“Not only does Black’s idea look very aggressive, but also it is extremely ambitious. He develops his dark-squared bishop to pin the knight on c3 and then (after …c7-c5) plans to increase the pressure by …Qa5. By capturing the c4-pawn, Black avoids the exchange on d5 which would lead to a Karlsbad structure or an isolated pawn on d5 if Black would like to push …c7-c5. Consequently, the c- and d-files are left open.
“White, on the other hand, gives as good as he gets and usually actively takes the centre by advancing e2-e4. Black is often forced to leave his king in the centre, as queenside castling is usually impossible due to problems with development of the light-squared bishop, and kingside castling is dangerous as White usually exchanges his bishop on f6, weakening the pawn structure on the kingside.
“After the most popular 6 e4 Black should play the active 6…c5. Here a very complicated position with mutual chances appears. Now White has at his disposal very sharp variations in the classical system with 7 e5. This forced line was common in the early days of the popularity of the Vienna, but nowadays it is again becoming fashionable, as it allows White to considerably sharpen the play and depart from the deeply worked out variations in the main line which remains 7 Bxc4 cxd4 8 Nxd4 Bxc3+ 9 bxc3.
[FEN “rnbqk2r/pp3ppp/4pn2/6B1/2BNP3/2P5/P4PPP/R2QK2R b KQkq – 0 9”]
“Now the play has more a strategic if also sharp character. Theory, however, suggests that after a complicated middlegame a more peaceful ending may arise – if both sides know their stuff.
“In the Vienna variation both players ideally should demonstrate a whole range of skills: tactical, especially the ability to obtain an initiative as a compensation for the pawn, and strategic, as well as excellent knowledge of both concrete variations and endings. Not everyone is up for that and the opening certainly allows both sides to play for a win.
“The earliest game in the Vienna ended in a draw, and in a sideline of the opening.”
The authors then present the game Bogoljubow-Wolf, Karlsbad 1923, along with six other games reaching out to 1943. The first five chapters cover the main line variation: 1 d4 d5 2 c4 e6 3 Nc3 Nf6 4 Nf3 Bb4 5 Bg5 dxc4 6 e4 c5 7 Bxc4 cxd4 8 Nxd4 Bxc3+ 9 bxc3 Qa5. Chapter six deals with the remaining deviations of the main line not already covered. Chapters seven and eight present all variations after 6…c5, other than 7 Bxc4. Chapter nine takes up the move 6…h6, with the last two chapters looking at unusual sidelines for both white and black. Each chapter begins with a summary of the opening moves followed by a detailed theoretical overview. Next come deeply annotated complete illustrative games with the most recent being from 2013. The close of each chapter features a conclusion from the authors summing up the main points.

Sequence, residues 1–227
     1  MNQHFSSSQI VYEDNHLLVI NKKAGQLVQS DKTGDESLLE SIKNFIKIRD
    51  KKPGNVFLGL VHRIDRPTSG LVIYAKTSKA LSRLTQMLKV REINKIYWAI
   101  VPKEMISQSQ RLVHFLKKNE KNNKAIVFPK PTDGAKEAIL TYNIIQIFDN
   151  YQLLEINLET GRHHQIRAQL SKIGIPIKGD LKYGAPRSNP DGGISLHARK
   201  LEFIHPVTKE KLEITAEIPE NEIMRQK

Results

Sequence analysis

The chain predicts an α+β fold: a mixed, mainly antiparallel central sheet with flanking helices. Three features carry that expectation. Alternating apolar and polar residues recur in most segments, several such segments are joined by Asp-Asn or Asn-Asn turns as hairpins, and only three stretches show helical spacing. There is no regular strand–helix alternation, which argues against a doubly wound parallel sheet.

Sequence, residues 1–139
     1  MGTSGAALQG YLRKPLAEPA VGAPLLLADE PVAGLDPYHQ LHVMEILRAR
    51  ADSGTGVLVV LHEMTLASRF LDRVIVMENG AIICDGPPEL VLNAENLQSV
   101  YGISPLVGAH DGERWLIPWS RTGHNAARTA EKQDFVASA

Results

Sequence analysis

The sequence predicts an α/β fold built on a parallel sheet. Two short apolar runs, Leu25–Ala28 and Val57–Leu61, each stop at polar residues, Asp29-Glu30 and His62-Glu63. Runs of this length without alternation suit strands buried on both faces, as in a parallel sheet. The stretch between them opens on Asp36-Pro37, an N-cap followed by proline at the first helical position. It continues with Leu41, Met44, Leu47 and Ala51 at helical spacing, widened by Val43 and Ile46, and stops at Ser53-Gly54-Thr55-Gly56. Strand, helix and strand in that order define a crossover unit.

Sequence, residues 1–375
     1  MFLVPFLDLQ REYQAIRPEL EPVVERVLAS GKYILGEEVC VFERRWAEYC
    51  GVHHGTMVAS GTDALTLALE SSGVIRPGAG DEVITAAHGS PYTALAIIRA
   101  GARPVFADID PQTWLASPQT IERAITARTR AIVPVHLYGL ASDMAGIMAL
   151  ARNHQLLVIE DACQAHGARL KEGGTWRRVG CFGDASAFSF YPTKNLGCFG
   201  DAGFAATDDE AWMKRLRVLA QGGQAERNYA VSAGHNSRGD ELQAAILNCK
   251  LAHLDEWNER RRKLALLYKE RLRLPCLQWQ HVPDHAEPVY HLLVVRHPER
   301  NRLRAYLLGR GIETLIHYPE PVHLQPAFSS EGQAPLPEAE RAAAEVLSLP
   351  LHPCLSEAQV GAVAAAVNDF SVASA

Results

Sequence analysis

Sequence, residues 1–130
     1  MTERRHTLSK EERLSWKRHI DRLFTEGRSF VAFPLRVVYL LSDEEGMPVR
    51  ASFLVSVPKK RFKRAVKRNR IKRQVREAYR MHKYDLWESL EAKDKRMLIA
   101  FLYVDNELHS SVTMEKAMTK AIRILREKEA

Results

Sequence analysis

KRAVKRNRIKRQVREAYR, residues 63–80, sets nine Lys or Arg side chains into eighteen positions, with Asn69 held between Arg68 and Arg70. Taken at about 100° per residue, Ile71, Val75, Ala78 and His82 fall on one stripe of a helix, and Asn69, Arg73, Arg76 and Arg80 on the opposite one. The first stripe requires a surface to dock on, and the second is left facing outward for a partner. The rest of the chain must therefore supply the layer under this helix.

Queen’s Gambit Declined: Vienna is a deep theoretical work. The deviations presented at just a single move can span three or more pages, most proffered with an explanation of the authors assessments. The quoted games are from over-the-board play, rapid play, and plenty from correspondence play, with the most recently played games being from 2016, at least for what I found. If you play the Queen’s Gambit Declined Vienna Variation, then you need to keep this book on hand. It will be your reference volume for a very long time.
As with any opening work from Everyman, I recommend buying the ebook because it is available as a PGN file. This can then be used as a foundation for a repertoire database that you can build based on your own experiences and analysis. In the case of Queen’s Gambit Declined: Vienna, I would strongly consider buying both versions!